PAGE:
I especially liked Avira’s Safe Shopping feature. It scans a URL to ensure it’s safe before opening it. It also blocked 12 ads and trackers while I surfed the web. In comparison, Avast offers a few useful extras:

Ransomware Shield — Protects your vulnerable files and folders and alerts you to any suspicious changes in your protected files. Online Security browser extension — Constantly monitors URLs on the web to keep you safe from potentially dangerous websites and malicious files. Real Site — Prevents DNS hijacking to secure your login credentials and payment information. Sandbox feature — Lets you download and run unknown and potentially harmful applications safely without your PC getting infected.

I’m a big fan of its “Real Site” feature and haven’t seen many antiviruses offer it. DNS hijacking is when a hacker redirects you from a real site to a duplicate one that looks identical, attempting to steal your credit card information. Avast prevents this by providing an encrypted connection to its DNS servers. Try Avira 360 risk-free

11. Device Compatibility — Avira’s Apps Are More User-Friendly

Avira is compatible with a greater range of OS versions, and I found its apps more intuitive and easy to use than Avast’s. Avira is compatible with the following operating systems:

Windows 7 or above macOS 10.15 or later Android 5 or later iOS 11 or later

Its Windows and Mac apps have different user interfaces but are easy to use. All features are labeled properly and neatly, and I didn’t have a problem locating any feature on Avira’s dashboard. The only downside I can think of is that when I installed its Windows app, it automatically installed the Opera browser on my PC without my consent. Avira’s mobile apps on iOS and Android share a similar user interface and are easy to use. They host the same tabs for security, privacy, and performance, though “Security” is labeled as “Protection” on the iOS app. The iOS app also lacks the privacy tools of the Android app, namely camera & microphone protection. I would’ve liked to see more features on its iOS app so it could be at par with some of the iOS-focused antiviruses I’ve used before. Avast is compatible with the following operating systems:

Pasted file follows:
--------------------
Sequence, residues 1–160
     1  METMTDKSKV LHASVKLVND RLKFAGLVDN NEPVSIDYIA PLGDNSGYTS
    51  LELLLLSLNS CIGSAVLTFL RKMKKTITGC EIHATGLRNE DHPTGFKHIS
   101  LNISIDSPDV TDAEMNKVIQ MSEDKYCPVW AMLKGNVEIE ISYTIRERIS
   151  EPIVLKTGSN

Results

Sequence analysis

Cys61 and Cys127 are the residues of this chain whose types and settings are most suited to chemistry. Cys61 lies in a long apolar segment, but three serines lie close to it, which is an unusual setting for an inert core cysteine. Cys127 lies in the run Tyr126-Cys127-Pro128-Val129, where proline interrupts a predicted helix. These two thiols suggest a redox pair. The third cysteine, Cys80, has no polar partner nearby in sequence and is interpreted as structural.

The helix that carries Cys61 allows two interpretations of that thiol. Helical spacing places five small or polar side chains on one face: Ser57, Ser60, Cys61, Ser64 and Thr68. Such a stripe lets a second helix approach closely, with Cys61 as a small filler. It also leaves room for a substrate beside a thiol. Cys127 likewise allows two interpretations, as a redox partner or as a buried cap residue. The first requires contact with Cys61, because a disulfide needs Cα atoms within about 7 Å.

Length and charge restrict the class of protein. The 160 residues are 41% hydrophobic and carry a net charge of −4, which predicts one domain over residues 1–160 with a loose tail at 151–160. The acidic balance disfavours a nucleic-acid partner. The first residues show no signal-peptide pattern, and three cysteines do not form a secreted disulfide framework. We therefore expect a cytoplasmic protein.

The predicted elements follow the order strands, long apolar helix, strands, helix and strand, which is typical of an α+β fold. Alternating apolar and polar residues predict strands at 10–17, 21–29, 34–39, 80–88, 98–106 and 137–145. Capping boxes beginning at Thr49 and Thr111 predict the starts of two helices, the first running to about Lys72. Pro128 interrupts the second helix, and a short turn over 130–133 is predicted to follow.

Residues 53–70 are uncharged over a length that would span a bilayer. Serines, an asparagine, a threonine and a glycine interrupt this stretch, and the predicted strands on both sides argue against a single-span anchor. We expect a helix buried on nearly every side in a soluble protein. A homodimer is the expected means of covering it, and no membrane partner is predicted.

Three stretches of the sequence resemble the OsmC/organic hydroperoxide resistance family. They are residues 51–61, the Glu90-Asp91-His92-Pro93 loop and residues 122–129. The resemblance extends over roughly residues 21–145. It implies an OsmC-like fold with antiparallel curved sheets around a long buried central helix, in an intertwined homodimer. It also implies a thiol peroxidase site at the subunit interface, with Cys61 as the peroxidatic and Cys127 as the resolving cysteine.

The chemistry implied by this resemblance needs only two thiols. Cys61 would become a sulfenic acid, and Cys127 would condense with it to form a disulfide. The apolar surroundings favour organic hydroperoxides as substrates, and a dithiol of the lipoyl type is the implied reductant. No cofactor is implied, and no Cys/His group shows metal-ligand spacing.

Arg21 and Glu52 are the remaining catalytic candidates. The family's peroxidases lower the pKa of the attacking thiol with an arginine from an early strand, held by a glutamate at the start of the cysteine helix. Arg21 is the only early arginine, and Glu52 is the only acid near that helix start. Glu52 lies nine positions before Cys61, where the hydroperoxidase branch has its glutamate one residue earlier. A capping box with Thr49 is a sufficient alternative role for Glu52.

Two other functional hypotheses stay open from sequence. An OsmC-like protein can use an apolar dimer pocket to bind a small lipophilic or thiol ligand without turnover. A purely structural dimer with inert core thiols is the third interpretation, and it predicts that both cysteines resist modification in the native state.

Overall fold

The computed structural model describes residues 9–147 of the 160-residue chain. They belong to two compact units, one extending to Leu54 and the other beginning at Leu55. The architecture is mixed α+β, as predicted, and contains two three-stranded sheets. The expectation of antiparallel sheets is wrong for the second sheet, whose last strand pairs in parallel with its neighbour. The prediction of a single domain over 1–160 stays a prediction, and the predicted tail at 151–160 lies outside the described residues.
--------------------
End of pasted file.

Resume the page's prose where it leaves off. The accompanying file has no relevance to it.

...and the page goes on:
Windows 7 or later macOS 10.11 or later Android 6 or later iOS 10 or later

Avast’s desktop apps have a neat and dynamic user interface, with each feature clearly displayed and labeled on the dashboard. The only drawback is the constant upsells on Avast’s free version, trying to coax you into upgrading to a paid plan. I never encountered this problem because I was already on a paid plan. Also, the Mac app doesn’t include a local network scanner that displays IP addresses, among other details of the network you’re connected to. If you’re a regular Mac user like me, I suggest using reliable Mac-focused antiviruses instead. Avast’s mobile apps are equally user-friendly as its desktop apps. I had no trouble locating features, though I must mention that the Android app has more features than the iOS app, including battery enhancement and the “Boost RAM” feature, which suspends unnecessary background processes. I wasn’t concerned about not having these features on my iPhone, as iOS manages its resource optimization quite efficiently. In summary, Avast is compatible with a greater range of OS versions, but I found Avira’s desktop and mobile apps easier to use and feature-rich than Avast’s. Although I found Norton’s apps easier to use and more feature-rich than both Avira and Avast, I was happy that the two contenders gave me a simple and seamless user experience. Try Avira 360 risk-free